ALKP is a liver enzyme responsible for breaking down proteins and transporting phosphate groups, and lower levels of ALKP are associated with malnutrition in humans 26. We have shown that ALKP levels started to decrease in the SOD1G93A rats compared to the wild-type ones in group B, and the decrease reached significant levels in groups C and D (Fig. 2). There are no studies that showed the impact of the ALKP as a biomarker in the pre-symptomatic and symptomatic stages of ALS; the first time in the literature, we hypotheses that ALKP could be used as a biomarker (Fig. 2). On the other hand, bilirubin is associated with the inflammatory biomarker in inflammation-linked diseases such as ALS, multiple sclerosis (MS), Alzheimer's disease, and diabetes 27. Since we found that TBIL levels dramatically increased in the mutated rats compared to the wild-type ones at the symptomatic stages, that can be used as a possible biomarker for the ALS diagnosis (Fig. 2). Phosphate is vital for cell signaling, energy, and mineral metabolism 28. We have found that serum phosphate levels increased in the SOD1G93A rats of groups 0, A, B, and C compared to the SOD1WT rats; however, they significantly decreased in group D (Fig. 2). No published data evaluate the impact of phosphate as a potential biomarker; thus, further studies can be conducted. On the other hand, BUN levels increased in the mutated rats compared to the wild type ones according to our data (Figure 2); however, the importance of the BUN as a potential biomarker has not been studied until now, and thus a study can be conducted with the human cohort in the future.
ALS is a hypermetabolic disease; however, the possible mechanisms contributing to the homeostasis of the energy metabolism is not known. Besides serum biochemistry biomarkers, we evaluated serum hormone and glucose levels in the SOD1WT and SOD1G93A rats (Fig. 2). Glucose metabolism is considered one of the possible targeting approaches to cure people with ALS since it is vital for OXPHOS, synthesis of neurotransmitters, and oxidative stress metabolism 29. Glucagon induces catabolism of the glycogen storages of the body resulting in the glucose release into the blood. On the other hand, c-peptide can be measured instead of insulin since it is more stable and has a longer half-life.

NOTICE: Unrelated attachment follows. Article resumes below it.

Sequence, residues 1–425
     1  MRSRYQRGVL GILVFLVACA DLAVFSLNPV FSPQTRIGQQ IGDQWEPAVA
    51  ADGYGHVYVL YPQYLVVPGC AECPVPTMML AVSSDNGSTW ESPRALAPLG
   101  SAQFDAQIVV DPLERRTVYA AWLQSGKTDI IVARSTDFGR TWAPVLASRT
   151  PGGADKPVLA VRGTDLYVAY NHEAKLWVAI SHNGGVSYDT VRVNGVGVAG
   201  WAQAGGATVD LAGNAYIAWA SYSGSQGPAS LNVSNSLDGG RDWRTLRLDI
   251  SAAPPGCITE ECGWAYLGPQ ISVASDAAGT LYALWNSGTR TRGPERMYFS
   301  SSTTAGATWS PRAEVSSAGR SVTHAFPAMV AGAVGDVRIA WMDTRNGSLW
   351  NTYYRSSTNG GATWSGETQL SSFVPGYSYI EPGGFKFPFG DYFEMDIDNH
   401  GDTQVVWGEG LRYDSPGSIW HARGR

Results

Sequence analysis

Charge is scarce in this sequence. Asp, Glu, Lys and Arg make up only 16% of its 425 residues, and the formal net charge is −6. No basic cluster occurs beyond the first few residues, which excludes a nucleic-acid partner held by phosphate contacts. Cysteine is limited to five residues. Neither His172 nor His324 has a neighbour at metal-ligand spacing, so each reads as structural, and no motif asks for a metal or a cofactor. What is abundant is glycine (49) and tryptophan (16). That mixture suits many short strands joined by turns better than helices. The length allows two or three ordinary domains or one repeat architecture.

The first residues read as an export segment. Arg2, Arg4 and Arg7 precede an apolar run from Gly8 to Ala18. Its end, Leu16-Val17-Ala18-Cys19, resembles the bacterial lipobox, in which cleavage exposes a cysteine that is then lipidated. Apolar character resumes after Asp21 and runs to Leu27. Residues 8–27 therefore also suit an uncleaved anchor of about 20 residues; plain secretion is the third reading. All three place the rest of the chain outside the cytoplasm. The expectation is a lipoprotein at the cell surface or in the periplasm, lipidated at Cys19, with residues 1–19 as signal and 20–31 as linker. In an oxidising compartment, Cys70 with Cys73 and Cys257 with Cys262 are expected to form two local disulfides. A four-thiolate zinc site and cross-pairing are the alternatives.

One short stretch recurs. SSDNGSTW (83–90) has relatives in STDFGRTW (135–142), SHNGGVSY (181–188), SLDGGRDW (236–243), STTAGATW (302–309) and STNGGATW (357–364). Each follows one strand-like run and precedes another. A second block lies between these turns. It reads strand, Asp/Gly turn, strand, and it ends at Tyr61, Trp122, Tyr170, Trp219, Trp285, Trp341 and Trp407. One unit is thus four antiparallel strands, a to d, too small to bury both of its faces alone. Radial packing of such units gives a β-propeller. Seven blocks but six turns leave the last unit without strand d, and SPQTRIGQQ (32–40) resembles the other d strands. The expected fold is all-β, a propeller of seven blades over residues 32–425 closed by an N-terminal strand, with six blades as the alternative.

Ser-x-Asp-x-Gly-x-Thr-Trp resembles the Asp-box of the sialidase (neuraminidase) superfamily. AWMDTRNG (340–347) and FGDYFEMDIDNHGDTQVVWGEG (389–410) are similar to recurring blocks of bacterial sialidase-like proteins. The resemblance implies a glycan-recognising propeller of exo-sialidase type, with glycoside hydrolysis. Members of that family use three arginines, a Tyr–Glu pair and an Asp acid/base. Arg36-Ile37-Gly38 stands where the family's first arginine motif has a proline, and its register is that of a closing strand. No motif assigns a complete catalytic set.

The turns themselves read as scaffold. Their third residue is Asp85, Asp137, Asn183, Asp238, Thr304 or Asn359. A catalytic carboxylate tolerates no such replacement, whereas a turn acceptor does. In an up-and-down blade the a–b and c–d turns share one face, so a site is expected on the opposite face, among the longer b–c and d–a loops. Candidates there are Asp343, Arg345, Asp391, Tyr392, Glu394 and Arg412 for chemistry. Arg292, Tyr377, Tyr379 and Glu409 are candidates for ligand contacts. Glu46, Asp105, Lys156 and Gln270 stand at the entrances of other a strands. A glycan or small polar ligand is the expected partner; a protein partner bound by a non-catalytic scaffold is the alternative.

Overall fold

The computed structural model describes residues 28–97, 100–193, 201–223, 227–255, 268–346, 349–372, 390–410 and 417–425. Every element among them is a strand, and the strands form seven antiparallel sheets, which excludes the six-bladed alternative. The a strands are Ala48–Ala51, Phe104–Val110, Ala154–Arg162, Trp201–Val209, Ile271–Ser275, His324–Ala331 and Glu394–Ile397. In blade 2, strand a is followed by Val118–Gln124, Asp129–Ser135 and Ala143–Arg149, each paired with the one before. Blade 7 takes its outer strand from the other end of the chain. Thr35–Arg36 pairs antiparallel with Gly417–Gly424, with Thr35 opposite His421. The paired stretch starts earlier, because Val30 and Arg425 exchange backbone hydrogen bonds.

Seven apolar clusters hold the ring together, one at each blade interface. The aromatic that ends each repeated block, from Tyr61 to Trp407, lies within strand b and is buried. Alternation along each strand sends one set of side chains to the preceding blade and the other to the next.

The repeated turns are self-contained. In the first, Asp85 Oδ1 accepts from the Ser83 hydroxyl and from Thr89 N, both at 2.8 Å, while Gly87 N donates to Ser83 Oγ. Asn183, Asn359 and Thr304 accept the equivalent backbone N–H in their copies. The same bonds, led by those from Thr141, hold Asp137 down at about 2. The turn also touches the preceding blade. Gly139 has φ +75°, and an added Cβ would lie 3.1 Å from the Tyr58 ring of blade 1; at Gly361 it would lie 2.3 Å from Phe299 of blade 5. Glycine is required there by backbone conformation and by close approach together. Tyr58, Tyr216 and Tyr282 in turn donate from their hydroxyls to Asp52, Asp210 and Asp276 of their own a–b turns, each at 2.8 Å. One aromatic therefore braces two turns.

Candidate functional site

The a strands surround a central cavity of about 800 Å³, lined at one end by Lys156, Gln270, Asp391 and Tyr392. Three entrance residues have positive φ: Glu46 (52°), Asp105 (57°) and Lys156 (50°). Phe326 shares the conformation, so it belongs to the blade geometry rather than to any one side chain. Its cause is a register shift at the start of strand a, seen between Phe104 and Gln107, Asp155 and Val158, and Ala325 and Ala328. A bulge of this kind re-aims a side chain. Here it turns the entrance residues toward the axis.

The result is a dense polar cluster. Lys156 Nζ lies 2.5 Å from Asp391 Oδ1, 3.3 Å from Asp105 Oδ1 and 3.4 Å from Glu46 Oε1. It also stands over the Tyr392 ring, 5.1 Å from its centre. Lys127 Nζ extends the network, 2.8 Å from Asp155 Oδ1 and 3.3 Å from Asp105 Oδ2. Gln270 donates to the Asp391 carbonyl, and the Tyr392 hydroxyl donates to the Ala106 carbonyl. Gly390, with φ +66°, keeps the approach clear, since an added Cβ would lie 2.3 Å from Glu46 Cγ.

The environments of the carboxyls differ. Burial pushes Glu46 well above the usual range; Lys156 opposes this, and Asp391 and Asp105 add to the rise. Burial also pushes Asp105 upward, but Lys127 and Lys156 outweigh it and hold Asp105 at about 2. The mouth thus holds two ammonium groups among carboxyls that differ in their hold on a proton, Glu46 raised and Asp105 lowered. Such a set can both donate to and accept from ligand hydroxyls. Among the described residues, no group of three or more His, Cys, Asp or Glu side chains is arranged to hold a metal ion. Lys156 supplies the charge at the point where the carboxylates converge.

Additionally, it is produced in equal amounts with insulin, and both are responsible for lowering blood glucose 30. Interestingly we have found that serum glucagon levels increased in the SOD1G93A rats compared to the SOD1WT rats in groups B, C, and D (Fig. 3). C-peptide levels increased in the mutated rats compared to wild-type animals in groups 0, A, and B; however, they decreased in groups C and D (Figure 3). Despite increased glucagon and decreased c-peptide levels, glucose levels in the SOD1G93A rats increased in groups A and B. Still, they significantly reduced in groups C and D (Figıre 3).
On the other hand, PYY is a gut hormone involving energy expenditure, appetite, and fat oxidation. Increased levels of PYY in the blood result in increased energy expenditure, elevated levels of fat oxidation, and decreased appetite 31. However, we have found that PYY levels decreased in the mutated rats compared to the wild-type ones in the pre-symptomatic stages but increased in groups C and D (Figuıre 3). MCP-1 expression is induced by insulin and plays a role in diabetes because of impaired glucose metabolism. Increased levels of MCP-1 are associated with impairment in adipocyte function decreased glucose uptake into the cells 32. We have found that MCP-1 levels increased in the SOD1G93A rats compared to SOD1WT rats in all groups, where MCP-1 levels decreased in the wild-type rats by aging (Fig. 3). All these data indicate that increased catabolic activity and impairment in glucose metabolism have started at the pre-symptomatic stages and worsened at the late stages of ALS. Thus, PYY, MCP-1, glucagon, c-peptide, and glucose levels can be evaluated as possible biomarkers for ALS prognosis and progression as one of the hallmarks of impaired glucose metabolism 29.